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Claire Good Group

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He Do It For Mac

Pratt was yards ahead of Jones in this case, and even if it was a fumble, he had no chance to tackle him. Meanwhile, Apple was just tailing the play and Jones appeared to pick him out and drop to the turf right below his feet.

He Do It For Mac


New England has now lost two straight games, moving them to 7-8 on the season, though they remain in the playoff hunt. The Buffalo Bills already clinched the AFC East title, so the wild card is all the Patriots can hope for now.

Walter, 49, had pleaded guilty last October to a federal criminal charge of distribution of fentanyl, which carries a mandatory minimum sentence of 20 years in federal prison. At the time, he had reached a deal with federal prosecutors to serve exactly 17 years.

But Judge Otis D. Wright II rejected that sentence on Monday, as Rolling Stone reports, because it was below federal guidelines and prosecutors have argued that Walter continued to sell counterfeit pills up until his 2019 arrest.

"I may as well lay it out, OK," Wright reportedly said in the courtroom. "When you continue to engage in this activity even after your activities killed someone, I'm having a tough time not staying within the guidelines."

Rolling Stone reports that Walter agreed to the higher sentence after conferring with his lawyer for a few minutes. While addressing the court at one point, Walter apologized to Miller's family but said it was only after his arrest that he learned the rapper had died from something he had supplied.

"My actions caused a lot of pain, and for that I'm truly remorseful," Walter said, according to the magazine. "I'm not that type of person who wants to hurt anybody. That's not me. But on the paperwork where it says that I continued to conduct in that kind of behavior after I knew that there was death, that's not the truth, your honor."

Federal prosecutors have accused Walter of supplying the counterfeit oxycodone pills to Reavis, who allegedly gave them to Pettit. Walter said in court that he had directed Reavis to deliver the pills to Pettit, because he believed Pettit wanted them for himself and was unaware he had plans to sell them to someone else.

The chart-topping rapper and producer, who was born Malcolm James McCormick, had died at age 26 from what the Los Angeles County coroner said was an accidental overdose of fentanyl, cocaine and alcohol.

In a victim impact statement read by prosecutors at the sentencing, Miller's mother, Karen Meyers, said he would have never knowingly taken a pill with fentanyl, adding that "he wanted to live and was excited about the future."

"This was a human being who unwittingly took something that will flat-out kill you, and I have no idea why we have people out here dealing in this stuff, peddling this stuff," Wright said. "This is what upsets me. Everybody now knows this stuff will kill you. I need to be quiet because I'm talking myself into something stratospheric."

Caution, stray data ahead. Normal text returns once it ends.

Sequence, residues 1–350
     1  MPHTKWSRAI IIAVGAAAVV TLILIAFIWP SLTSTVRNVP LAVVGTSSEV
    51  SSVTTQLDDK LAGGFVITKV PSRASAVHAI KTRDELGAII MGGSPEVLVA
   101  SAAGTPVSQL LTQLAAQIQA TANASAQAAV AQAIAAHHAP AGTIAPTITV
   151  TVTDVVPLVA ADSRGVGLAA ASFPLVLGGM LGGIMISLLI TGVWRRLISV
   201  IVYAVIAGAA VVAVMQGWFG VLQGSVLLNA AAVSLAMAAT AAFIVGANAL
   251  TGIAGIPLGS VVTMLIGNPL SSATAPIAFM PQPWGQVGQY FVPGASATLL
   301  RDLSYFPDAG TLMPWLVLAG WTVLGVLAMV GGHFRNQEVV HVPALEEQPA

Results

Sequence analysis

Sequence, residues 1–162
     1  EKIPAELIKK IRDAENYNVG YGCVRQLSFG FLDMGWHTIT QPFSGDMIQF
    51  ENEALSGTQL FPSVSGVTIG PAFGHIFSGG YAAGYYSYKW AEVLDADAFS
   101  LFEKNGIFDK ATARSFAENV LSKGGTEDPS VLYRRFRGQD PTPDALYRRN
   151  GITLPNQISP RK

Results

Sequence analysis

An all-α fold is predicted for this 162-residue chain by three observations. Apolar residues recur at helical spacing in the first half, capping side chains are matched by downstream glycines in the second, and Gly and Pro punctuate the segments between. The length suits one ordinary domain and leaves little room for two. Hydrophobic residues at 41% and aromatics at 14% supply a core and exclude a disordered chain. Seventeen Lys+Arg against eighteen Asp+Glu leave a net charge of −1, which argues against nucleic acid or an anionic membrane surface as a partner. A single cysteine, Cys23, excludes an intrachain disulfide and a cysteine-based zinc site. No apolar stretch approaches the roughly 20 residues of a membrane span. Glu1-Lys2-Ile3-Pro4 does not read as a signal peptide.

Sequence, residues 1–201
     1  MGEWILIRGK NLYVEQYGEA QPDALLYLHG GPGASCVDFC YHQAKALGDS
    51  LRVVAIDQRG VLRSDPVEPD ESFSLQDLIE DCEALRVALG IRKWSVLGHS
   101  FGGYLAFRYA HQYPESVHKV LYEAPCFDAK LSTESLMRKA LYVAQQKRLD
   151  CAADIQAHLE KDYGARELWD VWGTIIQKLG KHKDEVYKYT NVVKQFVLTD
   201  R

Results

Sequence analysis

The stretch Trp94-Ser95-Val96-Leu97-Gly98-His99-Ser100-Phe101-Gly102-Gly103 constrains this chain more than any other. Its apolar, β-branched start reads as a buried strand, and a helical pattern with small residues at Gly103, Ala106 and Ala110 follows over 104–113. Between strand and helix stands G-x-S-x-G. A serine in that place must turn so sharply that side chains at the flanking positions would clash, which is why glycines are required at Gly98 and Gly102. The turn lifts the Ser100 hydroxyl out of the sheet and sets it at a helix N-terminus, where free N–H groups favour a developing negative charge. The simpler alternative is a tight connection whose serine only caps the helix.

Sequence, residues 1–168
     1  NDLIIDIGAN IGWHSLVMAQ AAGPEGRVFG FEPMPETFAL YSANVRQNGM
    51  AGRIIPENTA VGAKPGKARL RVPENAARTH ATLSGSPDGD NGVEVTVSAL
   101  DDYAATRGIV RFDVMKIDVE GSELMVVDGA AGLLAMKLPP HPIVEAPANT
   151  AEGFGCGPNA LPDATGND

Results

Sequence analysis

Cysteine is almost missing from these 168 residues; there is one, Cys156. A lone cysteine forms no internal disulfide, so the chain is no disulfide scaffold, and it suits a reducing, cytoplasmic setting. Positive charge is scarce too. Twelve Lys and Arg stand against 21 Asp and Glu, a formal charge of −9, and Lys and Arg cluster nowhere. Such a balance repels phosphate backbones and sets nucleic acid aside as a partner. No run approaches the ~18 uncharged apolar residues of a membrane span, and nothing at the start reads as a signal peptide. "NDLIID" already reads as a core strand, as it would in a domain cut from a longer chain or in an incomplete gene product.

This is Plectrum, a superyacht designed by Lazzarini Studio capable of producing a whopping 15,000 horsepower. The Plectrum yacht is technically a hydrofoil, which means it can lift itself from the water as its speed increases. Image courtesy of Lazzarini Design...

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In 2013, he founded the record label imprint REMember Music. After his second studio album, Watching Movies with the Sound Off (2013), he left Rostrum and signed with the major label Warner Bros. Records in 2014. With them, he released four studio albums: GO:OD AM (2015), The Divine Feminine (2016), Swimming (2018), and the posthumous Circles (2020). For Swimming, he was posthumously nominated for a Grammy Award for Best Rap Album. He also served as a record producer for various artists, including himself, under the pseudonym Larry Fisherman.

Miller struggled with addiction and substance abuse, which was often referenced in his lyrics.[1] On September 7, 2018, Miller died from an accidental drug overdose of cocaine, fentanyl, and alcohol at his home, at the age of 26.

Malcolm James McCormick was born on January 19, 1992,[2] in the Point Breeze neighborhood of Pittsburgh, Pennsylvania.[3] He was a son of Karen Meyers, a photographer, and Mark McCormick, an architect,[4] and had an older brother, Miller.[5] His mother is Jewish, and his father is Christian.[6] While he and his brother were raised Jewish,[3][7] he attended a Catholic grade school to "ensure a good education and a chance to play football and lacrosse."[3] He later went to Winchester Thurston School,[8] and graduated from Taylor Allderdice High School.[9]